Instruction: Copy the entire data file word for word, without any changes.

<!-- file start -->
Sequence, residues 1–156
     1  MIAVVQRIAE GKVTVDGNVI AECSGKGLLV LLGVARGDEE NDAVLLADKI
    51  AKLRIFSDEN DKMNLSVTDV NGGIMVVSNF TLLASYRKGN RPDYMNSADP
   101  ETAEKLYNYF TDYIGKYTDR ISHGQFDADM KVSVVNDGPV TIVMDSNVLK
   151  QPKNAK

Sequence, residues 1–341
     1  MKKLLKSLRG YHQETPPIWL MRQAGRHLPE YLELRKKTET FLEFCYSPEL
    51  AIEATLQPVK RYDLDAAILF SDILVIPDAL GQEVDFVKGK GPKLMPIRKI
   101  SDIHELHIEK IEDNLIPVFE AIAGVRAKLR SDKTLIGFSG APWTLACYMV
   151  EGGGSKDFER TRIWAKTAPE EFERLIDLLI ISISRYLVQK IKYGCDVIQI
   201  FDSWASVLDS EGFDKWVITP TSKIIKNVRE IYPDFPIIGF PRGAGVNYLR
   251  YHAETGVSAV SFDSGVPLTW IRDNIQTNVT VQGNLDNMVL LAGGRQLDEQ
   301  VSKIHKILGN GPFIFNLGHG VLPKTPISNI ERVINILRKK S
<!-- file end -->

Sequence, residues 1–156
     1  MIAVVQRIAE GKVTVDGNVI AECSGKGLLV LLGVARGDEE NDAVLLADKI
    51  AKLRIFSDEN DKMNLSVTDV NGGIMVVSNF TLLASYRKGN RPDYMNSADP
   101  ETAEKLYNYF TDYIGKYTDR ISHGQFDADM KVSVVNDGPV TIVMDSNVLK
   151  QPKNAK

Sequence, residues 1–341
     1  MKKLLKSLRG YHQETPPIWL MRQAGRHLPE YLELRKKTET FLEFCYSPEL
    51  AIEATLQPVK RYDLDAAILF SDILVIPDAL GQEVDFVKGK GPKLMPIRKI
   101  SDIHELHIEK IEDNLIPVFE AIAGVRAKLR SDKTLIGFSG APWTLACYMV
   151  EGGGSKDFER TRIWAKTAPE EFERLIDLLI ISISRYLVQK IKYGCDVIQI
   201  FDSWASVLDS EGFDKWVITP TSKIIKNVRE IYPDFPIIGF PRGAGVNYLR
   251  YHAETGVSAV SFDSGVPLTW IRDNIQTNVT VQGNLDNMVL LAGGRQLDEQ
   301  VSKIHKILGN GPFIFNLGHG VLPKTPISNI ERVINILRKK S